Omagh widower's anger as blogger Jude Collins signs letter to Varadkar
A man who lost his wife in the 1998 Omagh bombing has urged Leo Varadkar to bin a letter signed by 1,000 nationalists because one of them is Jude Collins.
Kevin Skelton said that although he was against Brexit, the fact that the controversial media commentator is one of the signatories means he himself cannot support it.
The letter, published yesterday, urges Mr Varadkar as Taoiseach to defend the EU rights of Irish citizens in Northern Ireland and in the Republic amid the ongoing Brexit negotiations and the Stormont political crisis.
In August Mr Skelton condemned Mr Collins for publishing a blog post on the 20th anniversary of the Real IRA atrocity in which he said those responsible did not set out to deliberately kill innocent civilians.
Mr Skelton's wife Philomena was one of 29 people, including a woman pregnant with twins, to die in the terrorist explosion on August 15, 1998.
The blog post, which claimed that the Real IRA "didn't deliberately set out set out to slaughter the good and defenceless people they did", resulted in Mr Collins (right) being described as "beneath contempt".
At the time Mr Skelton urged the BBC to ban the commentator, who is a regular freelance contributor on the broadcaster's media platforms. Speaking to the Belfast Telegraph yesterday, the widower said that in light of the blog post, Mr Collins' name should not be one of the 1,000 listed in the letter.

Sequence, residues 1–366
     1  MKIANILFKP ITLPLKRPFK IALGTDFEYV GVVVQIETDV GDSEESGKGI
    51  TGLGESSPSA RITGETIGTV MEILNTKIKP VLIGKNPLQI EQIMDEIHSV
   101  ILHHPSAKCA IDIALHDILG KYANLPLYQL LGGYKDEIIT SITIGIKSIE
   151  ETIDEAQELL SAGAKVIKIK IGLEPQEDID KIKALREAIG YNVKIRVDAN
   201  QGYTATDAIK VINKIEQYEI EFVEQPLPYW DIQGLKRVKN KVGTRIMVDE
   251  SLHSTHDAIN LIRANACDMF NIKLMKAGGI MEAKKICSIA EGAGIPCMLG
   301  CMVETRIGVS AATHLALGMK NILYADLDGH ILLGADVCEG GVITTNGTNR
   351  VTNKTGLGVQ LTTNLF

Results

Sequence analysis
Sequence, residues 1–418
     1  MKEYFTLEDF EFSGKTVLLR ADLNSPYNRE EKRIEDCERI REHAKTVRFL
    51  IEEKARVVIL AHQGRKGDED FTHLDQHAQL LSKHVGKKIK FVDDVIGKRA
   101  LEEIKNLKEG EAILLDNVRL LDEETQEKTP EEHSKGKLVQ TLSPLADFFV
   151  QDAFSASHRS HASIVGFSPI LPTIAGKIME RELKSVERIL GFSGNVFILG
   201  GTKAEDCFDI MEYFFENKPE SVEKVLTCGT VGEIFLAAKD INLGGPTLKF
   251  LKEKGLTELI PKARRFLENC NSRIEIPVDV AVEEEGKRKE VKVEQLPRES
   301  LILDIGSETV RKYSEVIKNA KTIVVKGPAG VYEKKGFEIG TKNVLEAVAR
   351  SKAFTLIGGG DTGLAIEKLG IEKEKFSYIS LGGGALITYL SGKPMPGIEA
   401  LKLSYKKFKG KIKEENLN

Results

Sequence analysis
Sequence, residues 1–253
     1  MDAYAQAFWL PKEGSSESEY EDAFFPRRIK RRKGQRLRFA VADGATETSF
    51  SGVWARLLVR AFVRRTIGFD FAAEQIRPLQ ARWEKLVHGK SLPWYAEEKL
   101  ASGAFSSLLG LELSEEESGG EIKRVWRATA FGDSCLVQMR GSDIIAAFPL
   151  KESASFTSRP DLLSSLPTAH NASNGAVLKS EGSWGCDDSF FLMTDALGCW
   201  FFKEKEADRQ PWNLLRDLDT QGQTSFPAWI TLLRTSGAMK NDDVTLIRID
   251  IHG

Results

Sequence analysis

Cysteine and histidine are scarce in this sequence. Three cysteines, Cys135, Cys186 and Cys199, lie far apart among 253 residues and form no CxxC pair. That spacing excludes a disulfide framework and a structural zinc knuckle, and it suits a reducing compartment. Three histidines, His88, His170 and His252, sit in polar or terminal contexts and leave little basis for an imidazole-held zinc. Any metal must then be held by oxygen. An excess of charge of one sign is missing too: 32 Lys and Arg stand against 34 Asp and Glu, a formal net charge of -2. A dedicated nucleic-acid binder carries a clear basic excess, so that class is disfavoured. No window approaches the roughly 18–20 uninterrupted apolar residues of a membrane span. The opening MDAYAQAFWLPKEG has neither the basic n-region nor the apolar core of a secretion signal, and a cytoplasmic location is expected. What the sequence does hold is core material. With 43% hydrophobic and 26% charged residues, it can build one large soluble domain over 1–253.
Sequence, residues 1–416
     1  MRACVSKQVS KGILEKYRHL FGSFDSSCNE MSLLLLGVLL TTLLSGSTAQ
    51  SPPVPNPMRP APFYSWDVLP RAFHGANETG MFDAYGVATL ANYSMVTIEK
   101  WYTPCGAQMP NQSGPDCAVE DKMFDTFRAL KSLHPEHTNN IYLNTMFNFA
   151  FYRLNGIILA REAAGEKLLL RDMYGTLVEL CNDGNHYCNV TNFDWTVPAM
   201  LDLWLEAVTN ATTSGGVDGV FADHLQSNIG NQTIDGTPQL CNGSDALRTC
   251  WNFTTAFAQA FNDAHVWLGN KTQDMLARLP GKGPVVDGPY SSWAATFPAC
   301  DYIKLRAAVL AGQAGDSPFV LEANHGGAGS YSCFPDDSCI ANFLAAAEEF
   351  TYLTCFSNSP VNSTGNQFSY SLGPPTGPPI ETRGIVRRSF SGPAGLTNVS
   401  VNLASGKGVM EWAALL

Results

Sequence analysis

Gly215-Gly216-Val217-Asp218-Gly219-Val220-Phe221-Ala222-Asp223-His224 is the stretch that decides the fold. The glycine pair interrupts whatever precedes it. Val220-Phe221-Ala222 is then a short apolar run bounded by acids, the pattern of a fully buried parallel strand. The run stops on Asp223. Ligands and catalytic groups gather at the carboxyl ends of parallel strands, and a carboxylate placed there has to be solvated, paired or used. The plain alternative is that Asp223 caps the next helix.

"I don't think he should be on it. Plain and simple. People like that only use their name to stir up trouble," he said.
"I'm against Brexit, always have been, it's an issue that affects us all regardless of politics, but people like that only represent their own demented outlook on life. After what he said on August 15, he doesn't care about anyone else.
"If he had any respect for those who died that day, he would have apologised, but he hasn't."
He urged Mr Varadkar to "bin" the physical copy of the letter, which is understood to have been sent to him last Friday.
"At the very least he should score out Collins' name," added Mr Skelton.
He said it was a position he had to take, even though it went against his own anti-Brexit position.
"Deal or no deal, we're going to be the hardest hit. I'm in favour of staying in the EU, but I couldn't sign it (the letter).
"I can never forgive him for what he said on August 15. I don't have any belief in anything he's attached himself to. I don't mind people liking the letter. I just myself couldn't have my name attached to it.
"It still hurts what he said. He's destroyed (something that) good, ordinary people have attached themselves to."